“I didn’t lose my job,” Bryan answered.  “I quit.”
“Then why did you put ‘I lost my job’ on the form?” I asked, knowing damn well what the answer would be.
“I didn’t.”  I really didn’t want to hear his inanities at the moment; my mind was still wrapped up in what was going on at home, at just what Elisa wanted to say that she didn’t get the chance to say.  “Somebody else filled this out,” he said, sounding appalled that I would even question him.  “This isn’t even my handwriting,” he explained, with a tone in his voice that implied that I should know that.
“Well then, who the fuck?” I said.  [I find it’s best to speak to people on a level that they can relate with, rather than carry any air of pomposity.]
“I don’t know,” he said.  “Nor do I care.  Somebody was trying to send me messages.”
Oh here we go, one of T.H.E.M.
“Messages, huh?” I asked.  “What the fuck?”
“I’ve been trying to ignore them, but I just got to the point where I couldn’t handle it anymore.”
“Well don’t beat around the bush, dude.  Spill it.”
“They kill people,” he whispered.
“Who does?” I asked.
“I don’t know, dammit.  I...don’t...know.”
The drama was kind of awesome.
“Well, I’m sure they don’t mean to,” I said, trying to follow whichever direction he was leading me.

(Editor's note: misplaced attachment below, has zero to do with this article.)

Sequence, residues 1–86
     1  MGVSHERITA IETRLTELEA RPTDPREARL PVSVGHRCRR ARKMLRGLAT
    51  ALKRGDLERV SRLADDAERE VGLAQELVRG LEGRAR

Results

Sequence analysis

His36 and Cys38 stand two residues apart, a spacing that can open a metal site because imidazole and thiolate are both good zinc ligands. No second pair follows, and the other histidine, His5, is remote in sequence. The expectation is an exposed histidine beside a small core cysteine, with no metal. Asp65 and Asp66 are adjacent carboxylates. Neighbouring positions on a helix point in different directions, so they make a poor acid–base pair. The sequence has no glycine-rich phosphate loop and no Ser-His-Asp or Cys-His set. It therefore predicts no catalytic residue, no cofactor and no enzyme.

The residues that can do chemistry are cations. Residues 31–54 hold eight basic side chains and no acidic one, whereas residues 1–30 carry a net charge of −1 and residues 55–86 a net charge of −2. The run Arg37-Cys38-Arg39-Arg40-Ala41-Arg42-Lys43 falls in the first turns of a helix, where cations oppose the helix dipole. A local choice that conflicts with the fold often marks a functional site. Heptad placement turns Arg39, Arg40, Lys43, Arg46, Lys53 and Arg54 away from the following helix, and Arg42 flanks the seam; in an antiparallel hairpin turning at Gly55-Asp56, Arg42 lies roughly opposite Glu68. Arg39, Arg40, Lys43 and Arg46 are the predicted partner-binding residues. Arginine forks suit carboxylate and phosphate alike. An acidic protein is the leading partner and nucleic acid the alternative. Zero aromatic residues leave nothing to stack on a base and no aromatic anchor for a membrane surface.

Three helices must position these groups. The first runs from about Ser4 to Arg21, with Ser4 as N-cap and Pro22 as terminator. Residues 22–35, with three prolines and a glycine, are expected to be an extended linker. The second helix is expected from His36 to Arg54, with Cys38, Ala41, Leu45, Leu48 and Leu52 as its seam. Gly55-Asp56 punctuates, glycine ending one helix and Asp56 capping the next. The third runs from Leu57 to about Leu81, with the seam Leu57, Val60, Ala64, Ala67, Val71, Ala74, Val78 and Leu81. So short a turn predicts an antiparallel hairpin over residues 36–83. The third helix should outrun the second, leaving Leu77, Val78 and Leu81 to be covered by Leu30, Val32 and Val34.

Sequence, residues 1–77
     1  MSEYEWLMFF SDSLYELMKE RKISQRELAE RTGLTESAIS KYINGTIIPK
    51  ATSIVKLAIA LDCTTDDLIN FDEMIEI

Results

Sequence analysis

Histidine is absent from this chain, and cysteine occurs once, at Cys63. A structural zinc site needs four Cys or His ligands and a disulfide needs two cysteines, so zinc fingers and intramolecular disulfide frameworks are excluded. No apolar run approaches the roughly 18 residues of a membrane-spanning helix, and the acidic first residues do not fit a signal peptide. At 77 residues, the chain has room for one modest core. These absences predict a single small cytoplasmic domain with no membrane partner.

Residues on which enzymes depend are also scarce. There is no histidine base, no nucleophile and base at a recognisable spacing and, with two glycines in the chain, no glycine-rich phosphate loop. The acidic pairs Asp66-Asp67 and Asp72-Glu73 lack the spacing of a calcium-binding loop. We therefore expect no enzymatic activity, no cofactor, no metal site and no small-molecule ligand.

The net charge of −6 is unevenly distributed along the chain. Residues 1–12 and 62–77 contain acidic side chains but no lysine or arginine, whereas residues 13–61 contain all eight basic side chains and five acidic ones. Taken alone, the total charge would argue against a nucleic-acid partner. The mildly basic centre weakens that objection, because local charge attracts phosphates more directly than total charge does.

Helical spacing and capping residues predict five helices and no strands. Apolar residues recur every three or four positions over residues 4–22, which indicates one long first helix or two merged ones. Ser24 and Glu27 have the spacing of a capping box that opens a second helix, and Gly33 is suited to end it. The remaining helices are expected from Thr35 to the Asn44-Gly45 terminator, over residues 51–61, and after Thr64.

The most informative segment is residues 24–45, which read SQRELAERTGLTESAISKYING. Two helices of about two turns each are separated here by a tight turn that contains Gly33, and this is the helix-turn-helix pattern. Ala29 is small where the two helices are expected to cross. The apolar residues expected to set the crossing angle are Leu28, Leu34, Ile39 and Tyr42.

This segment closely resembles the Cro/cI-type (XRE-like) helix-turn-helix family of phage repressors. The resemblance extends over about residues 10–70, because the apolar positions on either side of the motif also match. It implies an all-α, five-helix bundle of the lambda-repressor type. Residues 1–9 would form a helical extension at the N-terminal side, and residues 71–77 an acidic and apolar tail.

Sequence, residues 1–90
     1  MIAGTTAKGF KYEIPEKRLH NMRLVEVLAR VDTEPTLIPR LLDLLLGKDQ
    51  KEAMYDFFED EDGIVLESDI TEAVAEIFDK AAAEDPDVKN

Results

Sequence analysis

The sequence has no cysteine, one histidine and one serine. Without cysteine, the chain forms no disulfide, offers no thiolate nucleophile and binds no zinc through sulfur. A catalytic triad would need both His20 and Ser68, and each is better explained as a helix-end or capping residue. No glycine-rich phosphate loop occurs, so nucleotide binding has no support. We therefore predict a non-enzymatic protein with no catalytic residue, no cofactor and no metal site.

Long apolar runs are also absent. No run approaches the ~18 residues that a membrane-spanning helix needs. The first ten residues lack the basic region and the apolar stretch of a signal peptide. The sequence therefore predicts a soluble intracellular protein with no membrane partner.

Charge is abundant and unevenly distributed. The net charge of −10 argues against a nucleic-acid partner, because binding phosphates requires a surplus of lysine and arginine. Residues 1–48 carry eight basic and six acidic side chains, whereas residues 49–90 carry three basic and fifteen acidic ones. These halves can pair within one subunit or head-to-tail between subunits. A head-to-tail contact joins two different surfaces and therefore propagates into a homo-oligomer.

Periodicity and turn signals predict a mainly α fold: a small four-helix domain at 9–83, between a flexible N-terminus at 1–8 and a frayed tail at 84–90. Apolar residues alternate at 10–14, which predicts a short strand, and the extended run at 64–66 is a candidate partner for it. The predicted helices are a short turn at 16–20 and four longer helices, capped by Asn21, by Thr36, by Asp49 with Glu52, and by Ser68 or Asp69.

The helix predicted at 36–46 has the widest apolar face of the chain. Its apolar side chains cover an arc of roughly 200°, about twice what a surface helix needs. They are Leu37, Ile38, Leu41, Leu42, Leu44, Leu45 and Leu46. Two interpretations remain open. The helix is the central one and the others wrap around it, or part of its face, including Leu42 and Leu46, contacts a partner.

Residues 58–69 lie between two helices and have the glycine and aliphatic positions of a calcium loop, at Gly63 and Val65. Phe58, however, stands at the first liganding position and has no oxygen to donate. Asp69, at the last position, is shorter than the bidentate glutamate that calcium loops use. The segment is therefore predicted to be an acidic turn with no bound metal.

“No, they do,” he said.  “And they’re messages meant for me.”
“Okay.  Fine, so they kill people,” I agreed.  “What makes you think I can help you?  I’m not an investigator or anything.”
“Because I’m not sure where else to go,” he said.  “Plus, I was hoping you could help me kick the drug problem I have.”
“Oh, so that’s what this is all about?  Drugs?  Let’s get one thing straight here, I can certainly help you with that, but when you come into my office, you’d better not be high.”  The irony was not lost here, by the way; I was pretty fucking stoned.  “If you’re high I can’t help you.  None of the stuff I’m saying will stick.  Not even the really sticky stuff.”
“I’m not high right now,” he said.
“And you still think people are leaving you messages?”
“So can you help me or not?” he asked.
Oh boy, do I want to deal with this guy?  Do I want to commit to that?
“Yes I can,” I said.  It’s what I get paid to do.  I begrudgingly added: “So tell me your story.”